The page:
Your system can become full of unwanted junk, unnecessary files like temporary files, broken items and cache. Browsing data builds up and causes Chrome to slow down over time.
Giving your system a frequent clean up is the way to go for improved system performance. Regular maintenance and updates are a great way to stay on top of Chrome’s performance and usage.
I’ve been a long user of Macpaw’s CleanMyMac X app (free version available if not familiar with it) that scans my laptop and removes the fluff. I get satisfaction from nuking it all.
Having the latest version is always recommended. Updates are aimed at making the user experience better, and that’s what it’s about (especially if you’re an Apple user).
Being on the latest version is important because they often include critical patches to security holes. They can also improve the stability, and remove any outdated features that could jeopardise the Chrome’s operation.
To check, go to: Settings > “About Chrome”.
Manage your open tabs
I bet you have more than one tab open right now. If you’re anything like me, there are always multiple tabs open sitting there idly. These seemingly innocent tabs are making Chrome take up vital memory. The more open tabs you have, the harder Chrome needs to work. Each open tab requires resources, and these can be draining. Closing down all unwanted open tabs gives you a quick speed boost.
If you do need all tabs and aren’t ready to cull them, then I have the solution for you that's worth considering.
Just like I use with Safari, I use two vital extensions to help manage my open tab hoarding.
The first one is Session Buddy that allows you to save open tabs as collections, view and manage all open tabs in one place, search open tabs and collections to quickly find what you’re looking for.
For Safari, I use Toast.
Check for unwanted processes
This one is a little advance if you’re unfamiliar with processes and don’t know what you’re doing but for the majority, a piece of cake.
Use the Chrome Task Manager. Task Manager gives you an excellent overview of processes and resources running. Here, you can quickly identify troublesome extensions and tabs that could be slowing you down. You can sort by memory footprint and quickly end unwanted tasks.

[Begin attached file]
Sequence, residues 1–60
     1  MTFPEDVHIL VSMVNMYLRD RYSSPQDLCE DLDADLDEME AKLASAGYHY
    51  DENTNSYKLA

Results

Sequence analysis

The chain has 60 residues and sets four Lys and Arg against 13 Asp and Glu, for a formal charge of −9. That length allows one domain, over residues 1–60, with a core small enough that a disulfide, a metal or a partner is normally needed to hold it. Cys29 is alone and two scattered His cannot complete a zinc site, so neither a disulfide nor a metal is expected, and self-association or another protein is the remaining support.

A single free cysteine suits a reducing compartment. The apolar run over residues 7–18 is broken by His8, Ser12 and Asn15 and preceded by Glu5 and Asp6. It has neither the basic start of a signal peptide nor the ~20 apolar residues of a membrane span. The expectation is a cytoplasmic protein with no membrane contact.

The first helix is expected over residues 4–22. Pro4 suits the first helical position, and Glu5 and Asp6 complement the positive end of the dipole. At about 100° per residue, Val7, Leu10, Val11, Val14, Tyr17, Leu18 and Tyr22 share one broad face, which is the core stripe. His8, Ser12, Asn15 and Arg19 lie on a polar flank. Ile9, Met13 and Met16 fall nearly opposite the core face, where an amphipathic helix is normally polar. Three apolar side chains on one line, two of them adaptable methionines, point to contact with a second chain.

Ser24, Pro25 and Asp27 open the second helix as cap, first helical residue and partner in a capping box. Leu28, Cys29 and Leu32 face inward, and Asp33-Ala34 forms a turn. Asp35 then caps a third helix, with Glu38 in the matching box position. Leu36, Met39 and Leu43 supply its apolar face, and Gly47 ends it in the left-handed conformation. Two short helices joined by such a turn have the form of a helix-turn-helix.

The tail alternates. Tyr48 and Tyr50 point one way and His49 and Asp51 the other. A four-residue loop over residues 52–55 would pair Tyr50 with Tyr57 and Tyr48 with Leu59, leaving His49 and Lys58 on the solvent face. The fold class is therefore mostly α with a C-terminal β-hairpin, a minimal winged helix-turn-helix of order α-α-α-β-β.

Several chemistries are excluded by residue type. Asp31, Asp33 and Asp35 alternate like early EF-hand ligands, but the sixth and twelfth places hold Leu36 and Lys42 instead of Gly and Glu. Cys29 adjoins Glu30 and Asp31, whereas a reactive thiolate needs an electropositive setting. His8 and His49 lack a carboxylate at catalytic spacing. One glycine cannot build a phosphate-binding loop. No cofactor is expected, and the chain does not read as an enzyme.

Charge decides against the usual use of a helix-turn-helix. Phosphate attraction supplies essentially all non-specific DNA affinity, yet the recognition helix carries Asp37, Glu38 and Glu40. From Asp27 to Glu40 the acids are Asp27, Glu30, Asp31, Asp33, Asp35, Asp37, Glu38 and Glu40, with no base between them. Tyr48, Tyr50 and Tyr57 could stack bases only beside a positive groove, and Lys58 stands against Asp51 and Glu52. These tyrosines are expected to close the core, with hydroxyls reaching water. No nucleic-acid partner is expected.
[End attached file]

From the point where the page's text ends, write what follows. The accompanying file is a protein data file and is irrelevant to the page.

Go to: Menu (3 dots) > More Tools > Task Manager.
Only end tasks that you know what you’re ending.
Review your extensions, often
Having too many extensions calls for more resource demand no matter how big. It’s not unusual for small extensions to use 50–100 MB of RAM.
Doing a review of your added extensions, culling those no longer needed or disabling those you aren’t actively using frequently will help increase performance dramatically depending on how many you have and the size.
You can even use the Task Manager (as mentioned above) to review them.
Find heavy memory consumers on your Mac
Another tip; CleanMyMac X, has a feature called Heavy Consumers that disables hidden background apps. Because not all apps can be switched off manually.
Also look into the start up app entires, disabling those apps you don’t need to run on every bootup.
And that’s a wrap.
I hope you have taken at least one thing away from this that will add value to your browsing experience.
Other than the above, there isn’t anything else I’ve implemented or note-worthy apart from if you can, stick with Safari. It was made for macOS.
Safari by far is my preferred choice of web browser, and a review of the upcoming Safari in Big Sur is in the works. So be sure to look out for it.